Calling out the dream

This past weekend I called out the dreams of God in a way I’ve just never tried before. I declared completely irrational things that I can truly blame as “the anointing.” ūüėČ

Besides that, I sensed a strong call from the Lord to speak out the dreams HE is giving me. It’s not my ability and when these things happen, it will be blatantly obvious it is GOD.

Here are my notes from what I spoke on Saturday night.

I would honestly post my notes from Friday night, but I only hand wrote them and even I have a hard time deciphering them.


Can You Stand as a Prophetic Witness?

2 Kings 2

When Elijah and Elisha came to Bethel, a company of prophets came to greet them. Bethel was a place of rebellion. Jeroboam had set up one of the golden calves to lead Israel from the worship of God in Jerusalem.

Elijah and Elisha themselves were prophets in Israel, the northern tribes, in an era when Israel had no godly kings.

We need to pay attention to these stories and take them into our lives. Being spoiled for a few hundred years, having Christianity be so “free” in this nation, has made the Church soft. We don’t know what a prophetic witness really is. It’s beyond standing up and shouting a “thus saith the Lord!”

The company of prophets stood in stark contrast to the world around them. When Israel refused Yahweh, this company of prophets kept pressing toward Yahweh. They didn’t wait for their culture to get on board. They simply went after God.

Today we need this company of prophets, the¬†prophetic witness¬†of the Church, to rise up again. No excuses. No whining. No wishing for the “old days.” Just follow God and let that stand out against the turning of the tide.


Where is the God of Elijah?

Elisha asks this question as he comes back to the Jordan after witnessing Elijah being taken to heaven. He has the mantle of Elijah and he has asked for the firstborn’s inheritance: a double portion.

He cries out, “Where is the God of Elijah?” and strikes the water. The Jordan parts again.

As I read this passage and look through some old notes, I think of two great men of God I miss right now. David Wilkerson, who pastored Times Square Church in New York and spoke prophetically for many years. He also founded Teen Challenge out of witnessing to gang members in New York back in the 1950s. David had words that would enrage people. I would get mad from time to time at “dumb” things I thought he said. Yet, I always knew this man trembled in the presence of God and prophets just say things that tick you off from time to time.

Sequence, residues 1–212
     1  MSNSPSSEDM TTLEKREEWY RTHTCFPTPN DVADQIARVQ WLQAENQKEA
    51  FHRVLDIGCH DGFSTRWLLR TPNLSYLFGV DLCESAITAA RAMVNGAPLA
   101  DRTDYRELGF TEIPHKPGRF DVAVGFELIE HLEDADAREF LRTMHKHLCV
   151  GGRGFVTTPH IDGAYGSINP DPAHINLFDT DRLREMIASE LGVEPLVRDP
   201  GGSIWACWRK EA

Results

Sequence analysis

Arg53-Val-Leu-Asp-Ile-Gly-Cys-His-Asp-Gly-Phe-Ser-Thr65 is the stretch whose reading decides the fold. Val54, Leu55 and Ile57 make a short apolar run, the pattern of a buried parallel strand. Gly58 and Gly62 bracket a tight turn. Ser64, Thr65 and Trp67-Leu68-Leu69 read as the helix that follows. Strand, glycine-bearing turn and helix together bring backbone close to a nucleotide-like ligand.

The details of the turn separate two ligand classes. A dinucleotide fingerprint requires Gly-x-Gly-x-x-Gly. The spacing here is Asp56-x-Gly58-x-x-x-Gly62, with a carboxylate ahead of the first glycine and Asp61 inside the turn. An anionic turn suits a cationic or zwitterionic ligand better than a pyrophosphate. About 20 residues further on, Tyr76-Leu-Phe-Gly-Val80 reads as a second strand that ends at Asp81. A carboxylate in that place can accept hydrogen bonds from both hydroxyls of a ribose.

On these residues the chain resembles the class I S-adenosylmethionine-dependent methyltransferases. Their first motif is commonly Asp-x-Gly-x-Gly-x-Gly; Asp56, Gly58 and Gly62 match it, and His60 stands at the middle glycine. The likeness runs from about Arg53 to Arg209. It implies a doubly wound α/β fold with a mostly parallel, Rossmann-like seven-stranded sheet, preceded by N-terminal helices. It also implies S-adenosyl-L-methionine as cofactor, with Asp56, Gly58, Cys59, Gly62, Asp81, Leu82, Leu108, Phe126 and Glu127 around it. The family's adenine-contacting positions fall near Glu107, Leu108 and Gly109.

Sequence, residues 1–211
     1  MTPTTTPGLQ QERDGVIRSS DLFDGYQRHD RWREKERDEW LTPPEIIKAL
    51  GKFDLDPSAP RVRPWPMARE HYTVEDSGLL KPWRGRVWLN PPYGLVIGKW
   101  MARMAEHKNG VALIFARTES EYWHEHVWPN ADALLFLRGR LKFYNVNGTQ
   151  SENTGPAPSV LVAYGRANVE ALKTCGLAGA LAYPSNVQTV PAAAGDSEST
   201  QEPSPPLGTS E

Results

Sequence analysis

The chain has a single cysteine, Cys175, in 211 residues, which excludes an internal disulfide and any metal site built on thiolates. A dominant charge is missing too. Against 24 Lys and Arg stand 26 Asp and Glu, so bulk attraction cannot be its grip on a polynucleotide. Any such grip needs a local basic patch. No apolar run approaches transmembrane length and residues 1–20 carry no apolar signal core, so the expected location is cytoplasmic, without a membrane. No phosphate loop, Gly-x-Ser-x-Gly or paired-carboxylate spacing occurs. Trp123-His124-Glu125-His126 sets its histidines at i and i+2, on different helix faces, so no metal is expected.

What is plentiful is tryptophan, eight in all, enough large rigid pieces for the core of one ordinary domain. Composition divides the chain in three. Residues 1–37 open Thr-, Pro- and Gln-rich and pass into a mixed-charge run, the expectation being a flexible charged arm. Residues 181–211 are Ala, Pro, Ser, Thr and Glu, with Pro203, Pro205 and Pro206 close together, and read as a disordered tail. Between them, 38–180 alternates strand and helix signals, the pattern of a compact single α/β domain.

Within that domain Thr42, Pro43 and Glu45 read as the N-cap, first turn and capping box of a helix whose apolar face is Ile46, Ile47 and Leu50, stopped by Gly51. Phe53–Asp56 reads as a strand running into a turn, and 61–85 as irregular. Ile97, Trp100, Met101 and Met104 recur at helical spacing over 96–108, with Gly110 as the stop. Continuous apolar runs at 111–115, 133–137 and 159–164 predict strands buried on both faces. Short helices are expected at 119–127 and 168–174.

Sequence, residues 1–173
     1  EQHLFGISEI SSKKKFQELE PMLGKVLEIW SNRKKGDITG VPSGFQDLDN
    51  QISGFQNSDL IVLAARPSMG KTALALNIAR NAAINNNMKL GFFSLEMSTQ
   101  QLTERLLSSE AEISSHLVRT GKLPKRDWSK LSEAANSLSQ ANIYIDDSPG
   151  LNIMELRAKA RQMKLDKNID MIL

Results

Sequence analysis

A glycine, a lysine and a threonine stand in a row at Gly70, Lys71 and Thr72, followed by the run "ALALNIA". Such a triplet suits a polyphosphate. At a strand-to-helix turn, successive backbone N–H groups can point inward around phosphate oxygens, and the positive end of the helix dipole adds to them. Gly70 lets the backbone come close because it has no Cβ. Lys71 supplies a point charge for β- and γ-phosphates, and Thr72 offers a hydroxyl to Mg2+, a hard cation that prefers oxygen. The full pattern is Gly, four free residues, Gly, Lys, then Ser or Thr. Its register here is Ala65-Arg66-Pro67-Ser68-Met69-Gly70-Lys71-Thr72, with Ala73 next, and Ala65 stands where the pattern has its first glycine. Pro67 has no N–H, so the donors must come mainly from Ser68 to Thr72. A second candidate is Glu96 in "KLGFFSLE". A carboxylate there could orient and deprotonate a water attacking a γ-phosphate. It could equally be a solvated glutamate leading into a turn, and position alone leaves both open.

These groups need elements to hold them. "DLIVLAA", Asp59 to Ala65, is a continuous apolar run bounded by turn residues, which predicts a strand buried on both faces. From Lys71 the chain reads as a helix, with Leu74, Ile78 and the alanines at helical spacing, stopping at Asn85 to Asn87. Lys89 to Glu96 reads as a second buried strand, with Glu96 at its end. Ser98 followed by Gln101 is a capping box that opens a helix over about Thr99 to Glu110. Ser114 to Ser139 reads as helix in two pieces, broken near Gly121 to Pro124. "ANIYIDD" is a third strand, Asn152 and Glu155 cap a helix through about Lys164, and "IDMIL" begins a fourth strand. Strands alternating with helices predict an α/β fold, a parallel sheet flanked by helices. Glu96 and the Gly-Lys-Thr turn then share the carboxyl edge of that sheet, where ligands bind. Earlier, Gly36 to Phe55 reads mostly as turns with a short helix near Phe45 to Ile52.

The other man I miss is Calvin Olson. Other than a few people in Minnesota, probably no one knows this incredible man of prayer. He was a missionary in his career. When I met him he was retired and helping with prayer ministry in our District. The man walked with God. I do not say this jokingly: you could ask Calvin what God was up to in the world and Calvin could honestly tell you.

I miss these men and I miss their voices in my life, and in the life of the Church.

But there is a time to miss men like this and there is a time to pick up their “mantle,” so to speak, and get on with the next stage of the journey. It is one thing to talk about what has gone before. It is another thing to actually engage God at the level those men walked with God.

Elisha decided to walk with God as Elijah had shown him. It wasn’t about wishing Elijah was still here. It was knowing¬†the God¬†of Elijah was still around, and if so, pick up where Elijah left off.

Elijah and Prayer

It irritates me that James 5:17,18 reminds us that Elijah was human just like us. Then, James goes on to tell us that Elijah prayed for rain to cease and it did. Then, he prayed for it to rain and it did. 

That stuff isn’t human. Right?

But it is. Very human. And Elijah was human just like us. 

My prayers are far too weak. I prefer to think of Elijah as something other than human because my prayers just aren’t like his. James comes along to remind us that Elijah IS like us… like me… and has his very human struggles. Yet, Elijah could hear from God to pray bold prayers, declare bold truths, and live in the grip of the Master. If Elijah can… I can.

Sniveling, Spoiled, Rich Ruler

For all the admiration I have for Elijah in the story of 1 Kings, the one guy who drives me nuts is Ahab. He does nothing for his people, lives only for himself, and has a wife whose name represents evil personified in some Christian circles. (“She’s such a Jezebel.” Or, “This place has a Jezebel spirit.” Something like that.)

The height of his spoiled status is in 1 Kings 21, when he wanted Naboth’s vineyard. He had fabulous vineyards, and yet he wants one more. Naboth refuses to sell¬†so Ahab pouts.¬†

Jezebel comes in and asks what her spoiled little brat of a husband wants, and he whines about Naboth’s vineyard. Jezebel, being the loving wife she is, has Naboth brought in on trumped up charges so he is executed. She then delivers the vineyard to her spoiled, bratty little husband. (I really don’t like this guy.)